WASHINGTON (June 8, 1998) -- While the resumption of direct flights from the United States to Cuba is welcome progress, two U.S. Bishops are again calling for an end to the restrictions on the sale of food and medicines to Cuba.
Archbishop Theodore E. McCarrick of Newark and Bishop John H. Ricard of Pensacola-Tallahassee issued a statement Saturday hailing the change in U.S. policy and marking the first anniversary of a statement which called for the resumption of direct flights.
"We pledge to do all we can to encourage private contributions of medicines and other needed goods to Catholic Relief Services for distribution to Cáritas Cubana to help lesson some of the suffering brought on in recent years," the two Bishops said. "As we stated following the January papal visit, 'ending the restrictions on the sale of food and medicines, as legislation currently in both houses of the U.S. Congress calls for, would be, in our view, a noble and needed humanitarian gesture and an expression of wise statesmanship on the part of our elected leaders.'"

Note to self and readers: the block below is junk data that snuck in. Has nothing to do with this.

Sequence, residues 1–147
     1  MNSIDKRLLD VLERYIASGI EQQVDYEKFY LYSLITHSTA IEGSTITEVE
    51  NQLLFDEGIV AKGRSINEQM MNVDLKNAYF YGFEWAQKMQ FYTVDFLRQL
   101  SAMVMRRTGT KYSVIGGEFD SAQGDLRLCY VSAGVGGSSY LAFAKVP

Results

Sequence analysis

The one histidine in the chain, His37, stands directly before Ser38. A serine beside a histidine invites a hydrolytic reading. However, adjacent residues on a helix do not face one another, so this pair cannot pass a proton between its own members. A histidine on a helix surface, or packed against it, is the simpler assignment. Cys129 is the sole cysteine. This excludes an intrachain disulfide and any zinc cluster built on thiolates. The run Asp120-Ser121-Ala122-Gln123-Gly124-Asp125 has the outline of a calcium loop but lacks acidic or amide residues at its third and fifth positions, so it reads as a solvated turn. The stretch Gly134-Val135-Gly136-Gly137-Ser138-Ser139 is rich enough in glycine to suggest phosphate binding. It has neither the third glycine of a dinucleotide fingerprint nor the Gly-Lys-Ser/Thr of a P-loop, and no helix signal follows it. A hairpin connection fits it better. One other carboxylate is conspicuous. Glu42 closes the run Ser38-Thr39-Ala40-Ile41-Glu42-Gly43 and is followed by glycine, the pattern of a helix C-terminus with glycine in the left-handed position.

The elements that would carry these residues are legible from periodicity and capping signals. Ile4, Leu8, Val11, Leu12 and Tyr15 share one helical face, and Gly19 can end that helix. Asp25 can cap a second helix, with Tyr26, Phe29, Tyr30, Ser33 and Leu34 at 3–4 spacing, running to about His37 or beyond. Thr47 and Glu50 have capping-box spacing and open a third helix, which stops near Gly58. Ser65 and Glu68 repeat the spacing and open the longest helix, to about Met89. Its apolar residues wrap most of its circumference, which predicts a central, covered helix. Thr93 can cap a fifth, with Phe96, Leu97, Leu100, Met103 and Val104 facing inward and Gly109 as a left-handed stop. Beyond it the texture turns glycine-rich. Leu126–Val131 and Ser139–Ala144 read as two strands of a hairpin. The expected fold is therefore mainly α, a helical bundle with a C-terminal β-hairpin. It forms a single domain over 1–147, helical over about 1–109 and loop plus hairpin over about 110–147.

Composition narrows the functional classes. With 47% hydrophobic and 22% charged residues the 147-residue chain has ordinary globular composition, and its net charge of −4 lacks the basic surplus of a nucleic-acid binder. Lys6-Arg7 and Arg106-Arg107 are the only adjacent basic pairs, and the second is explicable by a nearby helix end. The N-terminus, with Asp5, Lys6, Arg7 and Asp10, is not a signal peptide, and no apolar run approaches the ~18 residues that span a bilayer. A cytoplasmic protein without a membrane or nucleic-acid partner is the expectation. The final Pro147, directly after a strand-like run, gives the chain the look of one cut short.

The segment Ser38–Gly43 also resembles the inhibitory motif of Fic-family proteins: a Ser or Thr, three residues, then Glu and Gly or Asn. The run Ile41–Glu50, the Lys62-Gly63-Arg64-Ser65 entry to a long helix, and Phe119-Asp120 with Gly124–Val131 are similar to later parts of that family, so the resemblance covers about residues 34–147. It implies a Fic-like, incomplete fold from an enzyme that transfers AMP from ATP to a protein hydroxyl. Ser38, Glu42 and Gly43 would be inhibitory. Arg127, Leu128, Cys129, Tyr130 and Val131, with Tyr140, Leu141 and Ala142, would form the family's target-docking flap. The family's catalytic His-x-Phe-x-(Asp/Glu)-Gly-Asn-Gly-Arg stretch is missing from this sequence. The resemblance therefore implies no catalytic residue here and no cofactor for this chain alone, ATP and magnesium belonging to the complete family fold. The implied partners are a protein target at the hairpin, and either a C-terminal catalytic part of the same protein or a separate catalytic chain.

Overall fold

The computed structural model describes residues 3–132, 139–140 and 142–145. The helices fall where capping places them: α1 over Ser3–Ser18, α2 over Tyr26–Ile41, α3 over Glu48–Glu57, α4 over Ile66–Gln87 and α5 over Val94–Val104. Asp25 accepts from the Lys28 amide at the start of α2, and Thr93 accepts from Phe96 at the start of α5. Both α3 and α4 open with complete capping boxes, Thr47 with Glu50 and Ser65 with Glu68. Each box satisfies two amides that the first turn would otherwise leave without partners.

Archbishop McCarrick chairs the U.S. Catholic Conference International Policy Committee. Bishop Ricard is the chairman of the Board of Directors for CRS, the U.S. Bishops' relief agency.
The two noted that the donation and delivery of humanitarian aid through CRS and Cáritas Cubana, the Cuban Bishops' relief agency, is a clear expression of the solidarity which has developed between the Bishops of the two nations.
"We are intensely proud of the close relationship of solidarity and cooperative action that has developed between the Church here and in Cuba," the two said. "Although these efforts can meet only a fraction of the needs experienced by many in Cuba today, the Church in both countries is committed to doing all it can to alleviate suffering and give hope in a time of discouragement."